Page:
Finally all the snow and ice is gone, even in the shadows of the forests and on the cold bogs. Only in the Mountains of the North the winter is still visible (123 cm in Katterjåkk yesterday) and sensible (-9.2 °C in Tarfala some days ago.)

Here however the days are warm and mostly sunny. Today I visited a bog after work and as I expected, many, many thousands of sundews grew on the wet patches and the dark mud. I always was fascinated of these carnivorous plants. In Germany they are seldom and under conservation whereas in Sweden they seem to grow everywhere, where the ground is wet and boggy. And that’s a lot of places.

Abroad north – climbing the mountain Roßkopf

I’m at Arlanda Airport, waiting for my flight to Skellefteå. I’m longing home to Skelleftehamn but my thoughts are still in Germany, where I visited C. and O. – two fantastic friends who live in Munich yesterday.

Since the weather promised to be good, we decided to make a tour near Spitzingsee in the German Alps. We soon realised that all lifts and cable cars were closed and so we decided to climb the mountain Roßkopf (1580 m). It won’t be so hard, it’s just 500 meters up and then down the other side to the Albert-Link-Hütte, which is famous for its Kaiserschmarrn!

There was not much snow round the lake Spitzingsee (1084 m) but you could see, that some slopes and mountain tops were still quite white. Anyway I thought that it wouldn’t be so much. The Roßkopf is hardly 100 meter higher than the Feldberg were I’d been the Sunday before.

I had to smile about the man that went down the grass covered ski slope with huge ski boots, shouldering a pair of skis. Did he find any snow to glide down more than ten metres, I wondered. Well, I might have been wrong …

We started going up the grassy slope, partly following the way, partly just going up. There were some leftover snow fields to cross, but mostly we went on bare ground, looking at the countless flowers. When we went up the first slope we turned left and soon the way was completely covered with snow.

We carefully avoided the places round the little brooks and stream to avoid getting wet feet. Anyway I  guessed that the snow was round 50 cm deep – more than expected.

Some skiers approached, effortlessly gliding downhills. We went up until we came to a place with another ski lift. It was closed too. Shall we take the longer but flatter snowy way through the forest or just go uphills? We decided for the latter knowing that we could take as many rests as we wanted. We saw some skiers, but no one on foot as we ourselves.

Well, we managed the slope, but it was hard work and we rested more than once, before we continued plodding through at least knee deep snow. But it was worth it. When we stood on the mountain saddle that leads to the Roßkopf we had a gorgeous view onto the much higher mountain tops in the South.

We went to the Roßkopf were we met some other hikers without skis or snowshoes. We learned that there would be no really easy way down but we soon made up our minds about our way down.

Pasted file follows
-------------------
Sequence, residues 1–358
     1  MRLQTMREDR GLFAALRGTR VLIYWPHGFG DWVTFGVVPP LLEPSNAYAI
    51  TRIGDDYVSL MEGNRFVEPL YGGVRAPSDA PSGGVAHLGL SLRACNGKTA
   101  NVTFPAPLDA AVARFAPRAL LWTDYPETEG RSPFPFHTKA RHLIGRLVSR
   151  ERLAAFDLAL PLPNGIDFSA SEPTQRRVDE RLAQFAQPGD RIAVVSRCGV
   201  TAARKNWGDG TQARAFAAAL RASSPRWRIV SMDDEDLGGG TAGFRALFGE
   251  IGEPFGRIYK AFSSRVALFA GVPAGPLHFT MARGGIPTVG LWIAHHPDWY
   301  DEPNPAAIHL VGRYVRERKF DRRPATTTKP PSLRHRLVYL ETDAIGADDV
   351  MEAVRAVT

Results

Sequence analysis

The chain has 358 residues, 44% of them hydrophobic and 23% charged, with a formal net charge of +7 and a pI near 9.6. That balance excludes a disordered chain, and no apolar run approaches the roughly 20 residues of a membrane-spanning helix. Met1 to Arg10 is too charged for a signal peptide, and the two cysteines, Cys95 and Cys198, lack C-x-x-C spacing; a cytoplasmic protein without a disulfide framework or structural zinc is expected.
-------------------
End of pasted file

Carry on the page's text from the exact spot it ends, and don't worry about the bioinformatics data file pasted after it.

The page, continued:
The first steps went well, then we landed in a large patch of much deeper snow. My legs disappeared completely in the wet snow several times. It was easier however to glide down there than on the lower parts of the slope, that were partly snowy, partly grassy and partly covered with slippery clay. None of us managed to go down the whole way without slipping.

I didn’t expect that so much snow would have been left even on the less high mountains in the beginning of May. So I took a picture of me myself being stuck in the snow. It might be a bit overexaggerated perhaps …:

Soon we arrived less steep terrain where we just could plod through the snow again. After another fifteen minutes we were in the land of Spring again.

But when we looked up we could see the land of Winter. That very land that we touch just half an hour before.

So – much snow left in the German mountains. But how about home? Will I still have snow in my backyard in Skelleftehamn? I don’t know. I’ll see it in some hours.

 

 

 

 

Winter on the Vesterålen

This article is part of the series “2017-02: Northern Norway”.

I’m sitting in a small mobile home in Nordnes near Røkland, Saltdalen, Norway. This morning Annika and I left Haukenes on the Vesterålen, where we had visited friends for some days. It had been gorgeous days, not only because it’s always fun to visit friends, but because of the fabulous winter weather we got those days.

Arrival

Last friday we left the Hurtigruten ship in Stokmarknes that we entered in Vardø two days before. My friends told us that there hadn’t been any snow one week before, but since then almost half a meter snow had fallen and snowfall hadn’t stopped yet.

Saturday

It snowed another ten centimetres the night and it continued snowing in the morning.

Sometimes the Norwegian weather forecast is right and so it was this day: As predicted it cleared up and promised to be a nice and sunny day later on. Annika and I took our skis and joined J. and B. together with Frits, the dog, on a ski promenade right behind their house . J. and B. returned after a while, we continued through the forest to the boggy valley Dalmyra over which we returned. Two small streams we had to cross with our skis but they were narrow enough to be crossable without problems.